State v. Cheatheam

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569 N.W.2d 820 (1997)

STATE of Iowa, Appellee, v. Samuel Ellis CHEATHEAM, Appellant.

No. 96-1850.

Supreme Court of Iowa.

October 22, 1997.

*821 Jerald W. Kinnamon of Kinnamon, Kinnamon, Russo & Meyer, Cedar Rapids, for appellant.

Thomas J. Miller, Attorney General, Susan M. Crawford, Assistant Attorney General, and J. Patrick White, County Attorney, for appellee.

Considered by LARSON, P.J., and CARTER, LAVORATO, NEUMAN, and SNELL, JJ.


At issue in the present case is whether the district court may consider a juvenile record, pursuant to Iowa Code section 232.55(2) (1995),[1] when sentencing a defendant for multiple convictions where one of the convictions is a serious or simple misdemeanor. The defendant argues the district court may not do so. We disagree and affirm.

The defendant, Samuel Cheatheam, was an inmate at the Iowa Medical and Classification Center at Oakdale in February 1996. While incarcerated, Cheatheam participated in a riot, following which he was charged with assault on a peace officer, in violation of Iowa Code section 708.3A(3) (Supp.1995), second-degree criminal mischief, in violation of Iowa Code sections 716.1, 716.2 and 716.4, and interference with official acts, in violation of Iowa Code section 719.1(2). Cheatheam pleaded guilty to all three charges and was sentenced to an indeterminate term of imprisonment not to exceed five years on the second-degree criminal mischief charge, up to two years on the assault charge, and a one-year jail sentence on the interference charge. The sentencing court directed that the sentences run consecutively to each other and consecutive to any other sentences Cheatheam was already serving. When explaining its reasons for the sentences imposed, the court noted the information contained in the presentence investigation report regarding Cheatheam's extensive juvenile record, including his history of prior assaults. Cheatheam subsequently filed this appeal challenging his sentences.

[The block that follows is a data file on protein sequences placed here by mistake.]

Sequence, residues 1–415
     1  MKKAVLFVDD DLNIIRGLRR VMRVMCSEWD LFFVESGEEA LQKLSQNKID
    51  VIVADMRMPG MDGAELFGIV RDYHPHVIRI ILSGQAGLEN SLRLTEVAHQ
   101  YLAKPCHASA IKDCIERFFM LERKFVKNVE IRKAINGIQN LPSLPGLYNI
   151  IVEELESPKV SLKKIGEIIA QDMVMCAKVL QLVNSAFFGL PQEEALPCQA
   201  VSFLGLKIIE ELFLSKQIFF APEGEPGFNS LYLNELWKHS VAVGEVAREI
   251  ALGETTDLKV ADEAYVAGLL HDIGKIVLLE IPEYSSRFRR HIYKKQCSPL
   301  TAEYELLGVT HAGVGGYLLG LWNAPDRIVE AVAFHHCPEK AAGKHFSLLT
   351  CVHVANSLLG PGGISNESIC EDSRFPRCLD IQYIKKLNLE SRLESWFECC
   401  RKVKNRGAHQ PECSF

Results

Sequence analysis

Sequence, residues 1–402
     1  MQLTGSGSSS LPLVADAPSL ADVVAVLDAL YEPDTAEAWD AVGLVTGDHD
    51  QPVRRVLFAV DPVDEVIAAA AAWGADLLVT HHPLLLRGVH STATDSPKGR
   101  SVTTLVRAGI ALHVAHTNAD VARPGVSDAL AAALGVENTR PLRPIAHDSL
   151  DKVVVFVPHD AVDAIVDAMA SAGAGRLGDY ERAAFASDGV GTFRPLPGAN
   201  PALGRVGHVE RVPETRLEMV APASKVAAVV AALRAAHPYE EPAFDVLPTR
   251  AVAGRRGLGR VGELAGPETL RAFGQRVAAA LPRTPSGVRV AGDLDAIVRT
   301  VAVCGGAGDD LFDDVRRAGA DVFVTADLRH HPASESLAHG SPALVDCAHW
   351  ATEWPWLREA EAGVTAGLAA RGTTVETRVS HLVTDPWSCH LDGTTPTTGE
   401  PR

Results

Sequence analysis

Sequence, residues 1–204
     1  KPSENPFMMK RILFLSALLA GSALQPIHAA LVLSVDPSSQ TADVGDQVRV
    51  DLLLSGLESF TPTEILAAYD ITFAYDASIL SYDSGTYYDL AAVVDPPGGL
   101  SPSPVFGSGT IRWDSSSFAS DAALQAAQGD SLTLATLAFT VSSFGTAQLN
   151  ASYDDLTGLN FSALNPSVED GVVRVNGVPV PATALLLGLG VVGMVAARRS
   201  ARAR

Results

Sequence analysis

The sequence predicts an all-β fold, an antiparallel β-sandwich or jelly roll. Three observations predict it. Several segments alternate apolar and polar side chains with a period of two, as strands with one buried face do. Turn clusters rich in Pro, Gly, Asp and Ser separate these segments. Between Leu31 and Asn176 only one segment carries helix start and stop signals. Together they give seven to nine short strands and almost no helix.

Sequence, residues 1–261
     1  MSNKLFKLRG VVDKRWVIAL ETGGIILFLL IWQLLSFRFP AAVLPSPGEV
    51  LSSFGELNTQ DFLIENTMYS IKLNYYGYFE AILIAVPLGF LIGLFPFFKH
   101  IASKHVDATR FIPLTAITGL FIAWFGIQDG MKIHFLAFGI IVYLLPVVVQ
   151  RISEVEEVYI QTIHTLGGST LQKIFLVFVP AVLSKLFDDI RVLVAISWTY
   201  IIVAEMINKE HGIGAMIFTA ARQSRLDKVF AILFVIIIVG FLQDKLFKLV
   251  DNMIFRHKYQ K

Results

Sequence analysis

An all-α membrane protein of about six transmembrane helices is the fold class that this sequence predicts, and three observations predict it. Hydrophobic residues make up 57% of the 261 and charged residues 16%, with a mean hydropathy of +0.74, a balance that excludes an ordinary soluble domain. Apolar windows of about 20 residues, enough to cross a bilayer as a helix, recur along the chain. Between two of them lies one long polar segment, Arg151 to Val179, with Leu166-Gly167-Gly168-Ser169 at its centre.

Generally, a sentence will not be upset on appellate review unless a defendant can demonstrate an abuse of discretion or a defect in the sentencing procedure, such as the trial court's consideration of impermissible factors. State v. Loyd, 530 N.W.2d 708, 713 (Iowa 1995). A trial court's sentencing decision is cloaked with a strong presumption in its favor, and an abuse of discretion will not be found unless a defendant shows such discretion was exercised on grounds or for reasons clearly untenable or to an extent clearly unreasonable. State v. Johnson, 513 N.W.2d 717, 719 (Iowa 1994).

Cheatheam contends the district court abused its discretion in referring to his juvenile record when sentencing him on his serious misdemeanor conviction for interference with official acts because section 232.55(2) prohibits the use of a juvenile's record in sentencing a defendant convicted of a serious or simple misdemeanor.[2] He argues the court's issuance of a consecutive sentence on the serious misdemeanor conviction *822 demonstrates he was prejudiced by the court's consideration of an impermissible factor. We find no merit to these arguments.

Iowa Code section 232.55(2) provides: